MORGANTOWN, W.Va. – The only offense in the country yet to break a run longer than 10 yards through the first two games of the season will try to get things in motion against one of two defenses that has yet to allow a touchdown this season when North Carolina State visits West Virginia on Saturday afternoon.

The Mountaineers (1-1) are the team on the statistically challenged end of that equation, entering the game averaging a meager 1.1 yards per carry.

“If you watched the film and that doesn’t spark you to get better, then you obviously shouldn’t be here,” offensive lineman Josh Sills said in the wake of WVU’s 38-7 loss at Missouri. “It was pitiful. We need the drive and hunger every day to get better.”

Coach Neal Brown indicated there would be tweaks to the starting lineup this week.

“I foresee there being some changes in the lineup,” Brown said. “If you put stuff on video that’s not good enough, changes have to be made.”

Sophomore Alec Sinkfield may end up with the brunt of this week’s carries, and fellow sophomore Leddie Brown is back in the mix after missing the first two games as he recovered from a training camp ankle injury.

The Mountaineers may end up using their third starting center in as many weeks after giving sophomore Briason Mays reps with the first-stringers in practice this week. Josh Sills was moved to center midway through training camp, then back to right guard against Mizzou while Chase Behrndt started at center.

True freshmen wide receivers Winston Wright and Ali Jennings will also take the field for the first time, though not necessarily as starters.

If the changes go well, the Mountaineers will look to be the first team to provide the Wolfpack (2-0) with any form of challenge this season. N.C. State rolled over in-state schools East Carolina (34-5) and Western Carolina (41-0) with complete ease.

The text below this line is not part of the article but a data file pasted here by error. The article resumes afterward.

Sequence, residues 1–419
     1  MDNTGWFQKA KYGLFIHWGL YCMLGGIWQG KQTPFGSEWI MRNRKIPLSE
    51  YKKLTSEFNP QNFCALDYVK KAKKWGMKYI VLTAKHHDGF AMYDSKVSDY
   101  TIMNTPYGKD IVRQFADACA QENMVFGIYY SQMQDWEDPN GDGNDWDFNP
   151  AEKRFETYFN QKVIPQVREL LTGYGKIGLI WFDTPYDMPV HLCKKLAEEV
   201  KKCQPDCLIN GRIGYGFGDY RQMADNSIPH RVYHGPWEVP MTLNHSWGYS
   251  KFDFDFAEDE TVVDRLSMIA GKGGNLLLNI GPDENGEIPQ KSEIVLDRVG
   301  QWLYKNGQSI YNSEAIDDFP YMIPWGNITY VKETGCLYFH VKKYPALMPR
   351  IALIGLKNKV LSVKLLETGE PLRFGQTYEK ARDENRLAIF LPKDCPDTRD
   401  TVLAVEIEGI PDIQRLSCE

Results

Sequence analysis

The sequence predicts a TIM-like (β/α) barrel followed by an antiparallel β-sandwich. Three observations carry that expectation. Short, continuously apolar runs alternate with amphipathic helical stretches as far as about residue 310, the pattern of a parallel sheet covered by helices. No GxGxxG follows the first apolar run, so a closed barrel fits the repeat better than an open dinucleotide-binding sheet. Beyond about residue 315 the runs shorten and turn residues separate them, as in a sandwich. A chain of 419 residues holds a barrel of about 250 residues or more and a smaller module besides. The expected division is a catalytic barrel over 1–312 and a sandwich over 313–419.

Though the lightweight schedule has puffed up the Wolfpack’s numbers, former WVU defensive coordinator Tony Gibson seems to be making his presence felt as N.C. State’s co-DC. The Wolfpack have allowed 49 rushing yards in their first two games. West Virginia has gained only 64 rushing yards.

The matchup is a daunting one given the respective strengths and weaknesses of each team, but Brown expects the Mountaineers to be much more competitive than they were last weekend.

“Here’s the non-negotiables: we’re going to play hard, we’re going to do what we’re coached to do, we’re going to be a tougher football team and we’re going to be invested in what we’re doing,” Brown said. “We’re going to be prepared for N.C. State, put the focal point is those four items.”

THREE KEYS

Turnovers: N.C. State has yet to turn the ball over this season. If it happens again, the Wolfpack will almost certainly be 3-0. West Virginia’s offense needs a short field whenever it can get it, if not points scored directly by the defense itself. Look for some aggressive calls from Vic Koenning.

Pass protection: Austin Kendall was hit 20 times last week. It’s become evident West Virginia needs to hit some deep passes for the running game to thrive, and in order for that to happen Kendall needs time to complete them.

Tempo: N.C. State ran 70 offensive plays against East Carolina and 86 against Western Carolina. After losing end Taijh Alston for the season, the Mountaineers won’t want to get involved with an offense running 80-plus plays. Look for WVU to extend drives any way it can – maybe even with some bold moves on fourth down.

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